Smoking Cessation Rates in Acute Coronary Syndrome With Varenicline

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Patients with ACS who had a motivation to quit smoking were enrolled in a trial evaluating the effectiveness of varenicline.
Patients with ACS who had a motivation to quit smoking were enrolled in a trial evaluating the effectiveness of varenicline.

Varenicline is effective in helping patients with acute coronary syndrome (ACS) abstain from smoking, yet more than half of patients who received this therapy regressed to smoking by 1 year, according to study findings published in the Canadian Medical Association Journal.

In the Evaluation of Varenicline in Smoking Cessation for Patients Post-Acute Coronary Syndrome (EVITA; ClinicalTrials.gov Identifier: NCT00794573) trial, a total of 302 participants with ACS across North America were randomly assigned (1:1) to a 12-week regimen of either varenicline (n=151) or placebo (n=151). Participants also received low-intensity counselling for smoking cessation and relapse prevention during the 52-week study period. The primary outcome was smoking cessation at 24 weeks of treatment. A 7-day recall as well as biochemical validation with exhaled carbon monoxide were used to assess smoking abstinence.

A greater proportion of participants randomly assigned to varenicline maintained smoking abstinence at 1 week compared with those who received placebo (39.9% vs 29.1%; difference, 10.7%; 95% CI, 0.01%-21.44%; number needed to treat=10). Similarly, more patients receiving treatment reported higher continuous abstinence, defined as smoking abstinence within the past week at all follow-up periods (31.1% vs 21.2%; difference, 9.9%; 95% CI, –0.01% to 19.8%).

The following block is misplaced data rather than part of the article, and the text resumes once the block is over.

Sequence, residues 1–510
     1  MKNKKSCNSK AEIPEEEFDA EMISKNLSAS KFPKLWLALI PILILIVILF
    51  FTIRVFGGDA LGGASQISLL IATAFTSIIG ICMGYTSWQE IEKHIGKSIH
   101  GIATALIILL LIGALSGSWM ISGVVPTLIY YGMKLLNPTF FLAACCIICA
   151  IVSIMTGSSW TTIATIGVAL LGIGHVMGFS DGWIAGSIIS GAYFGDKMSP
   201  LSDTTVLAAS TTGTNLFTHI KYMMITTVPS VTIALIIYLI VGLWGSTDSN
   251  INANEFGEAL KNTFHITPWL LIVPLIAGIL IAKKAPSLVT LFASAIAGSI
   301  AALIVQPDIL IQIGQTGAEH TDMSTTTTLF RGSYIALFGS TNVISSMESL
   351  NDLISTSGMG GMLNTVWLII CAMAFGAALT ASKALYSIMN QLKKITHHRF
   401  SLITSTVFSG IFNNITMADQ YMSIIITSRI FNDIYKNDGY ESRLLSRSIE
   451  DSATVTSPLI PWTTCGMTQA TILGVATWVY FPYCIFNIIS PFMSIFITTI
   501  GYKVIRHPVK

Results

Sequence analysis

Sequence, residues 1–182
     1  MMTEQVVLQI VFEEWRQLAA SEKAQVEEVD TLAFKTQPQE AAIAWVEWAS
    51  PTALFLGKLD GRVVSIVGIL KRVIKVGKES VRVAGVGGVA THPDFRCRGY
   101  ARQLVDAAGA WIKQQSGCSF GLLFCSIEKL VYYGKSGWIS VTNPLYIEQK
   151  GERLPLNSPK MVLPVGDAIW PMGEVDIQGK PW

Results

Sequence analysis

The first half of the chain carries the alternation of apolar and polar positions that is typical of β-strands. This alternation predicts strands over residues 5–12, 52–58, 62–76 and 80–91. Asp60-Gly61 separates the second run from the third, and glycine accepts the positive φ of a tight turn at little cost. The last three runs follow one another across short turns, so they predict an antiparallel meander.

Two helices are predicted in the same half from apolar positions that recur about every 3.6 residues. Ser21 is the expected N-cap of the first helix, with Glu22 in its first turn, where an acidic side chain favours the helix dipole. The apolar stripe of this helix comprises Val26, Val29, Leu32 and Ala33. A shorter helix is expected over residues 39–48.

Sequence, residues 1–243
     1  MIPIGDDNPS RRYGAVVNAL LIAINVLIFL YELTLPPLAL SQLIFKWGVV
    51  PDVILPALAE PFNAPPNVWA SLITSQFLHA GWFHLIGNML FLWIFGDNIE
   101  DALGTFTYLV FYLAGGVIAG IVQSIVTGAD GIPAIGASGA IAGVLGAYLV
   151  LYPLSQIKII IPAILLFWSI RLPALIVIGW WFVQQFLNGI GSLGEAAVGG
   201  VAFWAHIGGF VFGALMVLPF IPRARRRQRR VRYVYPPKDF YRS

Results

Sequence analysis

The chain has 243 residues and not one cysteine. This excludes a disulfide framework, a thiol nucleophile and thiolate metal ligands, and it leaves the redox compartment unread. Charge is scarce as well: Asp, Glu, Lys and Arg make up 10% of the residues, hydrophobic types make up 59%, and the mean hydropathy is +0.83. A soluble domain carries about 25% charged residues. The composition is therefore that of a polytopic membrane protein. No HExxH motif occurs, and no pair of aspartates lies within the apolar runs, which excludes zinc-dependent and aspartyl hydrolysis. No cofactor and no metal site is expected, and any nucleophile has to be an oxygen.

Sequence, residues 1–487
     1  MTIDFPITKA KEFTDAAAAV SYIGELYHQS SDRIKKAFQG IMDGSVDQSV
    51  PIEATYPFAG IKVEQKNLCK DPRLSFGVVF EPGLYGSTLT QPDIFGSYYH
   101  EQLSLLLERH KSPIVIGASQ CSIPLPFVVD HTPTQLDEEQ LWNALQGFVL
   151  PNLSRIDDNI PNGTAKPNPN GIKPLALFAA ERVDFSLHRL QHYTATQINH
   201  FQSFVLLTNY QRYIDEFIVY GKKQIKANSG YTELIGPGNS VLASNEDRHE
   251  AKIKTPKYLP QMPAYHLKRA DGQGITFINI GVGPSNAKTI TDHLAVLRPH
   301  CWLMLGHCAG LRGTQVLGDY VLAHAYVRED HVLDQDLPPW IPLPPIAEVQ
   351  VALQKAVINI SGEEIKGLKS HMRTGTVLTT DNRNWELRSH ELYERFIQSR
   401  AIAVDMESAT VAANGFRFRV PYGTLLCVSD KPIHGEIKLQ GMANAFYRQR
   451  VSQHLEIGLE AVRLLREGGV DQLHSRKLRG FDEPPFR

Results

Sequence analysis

In addition, more participants in the varenicline arm reported reductions in daily cigarette smoking of ≥50% (57.8% vs 49.7%; difference, 8.1%; 95% CI, –3.1% to 19.4%). The rates of serious adverse events (24.5% vs 21.9%; risk difference, 2.7%; 95% CI, –7.3% to 12.6%) and major adverse cardiovascular events (8.6% vs 9.3%; risk difference, –0.7%; 95% CI, –7.8% to 6.5%) were similar among the treatment and placebo groups (8.6% vs 9.3%; risk difference, –0.7%; 95% CI, –7.8% to 6.5%). By 1 year, approximately 60% of smokers who were randomly assigned to varenicline had returned to smoking.

The investigators enrolled only patients with ACS who had a motivation to quit smoking, and this motivation may have affected the observed abstinence rates. In addition, a greater proportion of patients receiving treatment vs placebo had another smoker living in their home, which may have influenced relapse rates.

“If varenicline were used routinely after ACS, for every 10 smokers who received treatment, there would be 1 less smoker a year later,” concluded the investigators.

Reference

Windle SB, Dehghani P, Roy N, et al; for the EVITA Investigators. Smoking abstinence 1 year after acute coronary syndrome: follow-up from a randomized controlled trial of varenicline in patients admitted to hospital. CMAJ. 2018;190(12):E347-E354.

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